WH

You know, I think this is obvious, so I don't mention it, but sometimes I get reminded that I need to get this out there.

Yes, I am brilliant.

Yes, I am broken.

Yes, I am both, both brilliant and broken. 

There is a term for that state, a myth I have understood since I was very small.  It's called being the "wounded healer," and every human culture has that archetype somewhere in their mythology. 

I am brilliant because I am broken.  Being broken keeps me open, aware of my own feelings and the feelings of others.  That awareness of pain and joy, of where the sharp edges are keeps me brilliant, because I have the instinct, intution and insight that comes from shared pain.

I am broken because I am brilliant.  Being brilliant keeps my way illuminated, and that means I tend to see things, see connections and disconnections that can easily be missed when they are left in the shadows.  Anyone brilliant enough to see between, see though, and see below will always see where things are not right, wher suffering occurs, where people act out of pain & rage, out of stuffing & greed.

I drive down the road and see all the shiny new cars and while I can tell them apart, I have real trouble seeing where they are different.  It's just not something I see.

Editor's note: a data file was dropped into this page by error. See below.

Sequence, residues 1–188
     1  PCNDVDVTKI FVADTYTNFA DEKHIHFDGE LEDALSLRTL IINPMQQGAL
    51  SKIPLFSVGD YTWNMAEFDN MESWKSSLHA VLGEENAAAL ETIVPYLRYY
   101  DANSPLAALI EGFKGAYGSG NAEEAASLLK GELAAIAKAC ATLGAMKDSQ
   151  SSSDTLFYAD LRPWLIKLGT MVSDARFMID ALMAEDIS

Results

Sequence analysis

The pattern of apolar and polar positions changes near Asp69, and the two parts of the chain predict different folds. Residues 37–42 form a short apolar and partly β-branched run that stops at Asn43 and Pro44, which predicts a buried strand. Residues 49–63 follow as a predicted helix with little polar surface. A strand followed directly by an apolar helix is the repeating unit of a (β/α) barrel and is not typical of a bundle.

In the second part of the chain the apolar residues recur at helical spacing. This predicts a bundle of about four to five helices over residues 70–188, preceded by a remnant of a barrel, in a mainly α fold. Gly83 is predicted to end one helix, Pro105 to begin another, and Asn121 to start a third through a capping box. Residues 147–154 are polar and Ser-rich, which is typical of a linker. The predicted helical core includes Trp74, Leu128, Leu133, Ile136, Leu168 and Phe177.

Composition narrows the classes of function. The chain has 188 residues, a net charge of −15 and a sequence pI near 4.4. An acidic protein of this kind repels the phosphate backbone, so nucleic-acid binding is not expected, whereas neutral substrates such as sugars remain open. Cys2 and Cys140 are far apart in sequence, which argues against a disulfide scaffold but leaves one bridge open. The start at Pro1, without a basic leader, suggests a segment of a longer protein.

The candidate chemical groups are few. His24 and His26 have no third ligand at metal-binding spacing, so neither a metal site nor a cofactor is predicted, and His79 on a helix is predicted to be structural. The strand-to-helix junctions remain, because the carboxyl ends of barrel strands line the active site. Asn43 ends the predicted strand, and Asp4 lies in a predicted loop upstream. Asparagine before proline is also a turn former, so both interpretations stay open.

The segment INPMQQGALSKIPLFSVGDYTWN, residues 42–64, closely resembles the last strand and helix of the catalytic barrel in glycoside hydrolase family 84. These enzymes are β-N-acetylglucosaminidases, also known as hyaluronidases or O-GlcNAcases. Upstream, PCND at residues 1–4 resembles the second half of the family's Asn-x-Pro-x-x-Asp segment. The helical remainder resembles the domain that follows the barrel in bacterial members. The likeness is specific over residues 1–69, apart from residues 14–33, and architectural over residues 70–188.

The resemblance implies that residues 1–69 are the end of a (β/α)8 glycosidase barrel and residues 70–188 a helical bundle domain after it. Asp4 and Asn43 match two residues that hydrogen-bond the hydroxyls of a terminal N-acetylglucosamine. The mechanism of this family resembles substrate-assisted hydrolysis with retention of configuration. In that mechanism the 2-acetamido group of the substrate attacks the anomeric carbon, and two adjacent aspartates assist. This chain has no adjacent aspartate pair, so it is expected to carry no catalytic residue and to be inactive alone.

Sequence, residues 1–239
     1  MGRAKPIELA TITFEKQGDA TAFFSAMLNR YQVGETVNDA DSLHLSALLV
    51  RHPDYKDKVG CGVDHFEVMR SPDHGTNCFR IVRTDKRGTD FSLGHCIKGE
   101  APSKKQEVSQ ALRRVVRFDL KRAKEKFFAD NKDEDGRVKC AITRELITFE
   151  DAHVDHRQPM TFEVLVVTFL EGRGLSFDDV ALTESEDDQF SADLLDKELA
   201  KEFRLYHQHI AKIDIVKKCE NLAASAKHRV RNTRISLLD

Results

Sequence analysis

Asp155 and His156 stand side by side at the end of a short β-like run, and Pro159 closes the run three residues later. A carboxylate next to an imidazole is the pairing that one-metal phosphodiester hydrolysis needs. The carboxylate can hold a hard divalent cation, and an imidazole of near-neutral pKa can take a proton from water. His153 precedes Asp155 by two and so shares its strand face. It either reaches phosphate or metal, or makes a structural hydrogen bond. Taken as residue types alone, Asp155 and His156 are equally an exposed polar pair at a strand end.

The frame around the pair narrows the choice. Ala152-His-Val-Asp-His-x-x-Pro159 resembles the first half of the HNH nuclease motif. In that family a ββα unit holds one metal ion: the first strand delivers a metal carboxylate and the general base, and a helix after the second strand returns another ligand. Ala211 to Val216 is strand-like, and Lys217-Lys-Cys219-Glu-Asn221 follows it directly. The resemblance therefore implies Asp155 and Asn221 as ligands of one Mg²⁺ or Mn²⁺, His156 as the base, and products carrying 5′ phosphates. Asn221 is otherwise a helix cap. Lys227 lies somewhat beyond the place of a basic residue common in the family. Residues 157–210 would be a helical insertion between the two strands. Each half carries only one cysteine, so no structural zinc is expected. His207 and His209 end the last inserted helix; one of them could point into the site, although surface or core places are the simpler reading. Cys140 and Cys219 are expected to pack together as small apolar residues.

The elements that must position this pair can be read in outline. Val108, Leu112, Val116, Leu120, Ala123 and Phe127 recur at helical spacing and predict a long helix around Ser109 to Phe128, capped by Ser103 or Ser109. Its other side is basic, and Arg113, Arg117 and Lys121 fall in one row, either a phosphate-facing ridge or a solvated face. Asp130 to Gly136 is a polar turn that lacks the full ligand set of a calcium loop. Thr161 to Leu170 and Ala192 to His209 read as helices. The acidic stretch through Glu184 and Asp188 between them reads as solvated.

But I look at the faces of people and I see such a range of hearts, such a river of connections that it moves me, moves me deeply.

I know that many people are the other way.  They understand the symbolism of cars while the faces of the crowd around them blur together.  Cars don't need, don't bleed and don't feel pain.

I have a gift and that gift has a price.  I can't imagine how you can be exquisitely attuned and sensitive and also be compartmentalized and defended, easily sloughing off the routine slights & insults of everyday modern & mechanical society.  I try to strike a balance, but that balance is always off, always tearing, always wrong, because right is hard.

Am I sick?  Sure.  Am I a healer?  Sure.  It's what I do, but more than that, it is who I am.  I am a wounded healer.  And being a wounded healer means that you are never simply one thing or the other, but rather that you are liminal, on the limina, in the doorway, both and neither, all and nothing, at the same damn time.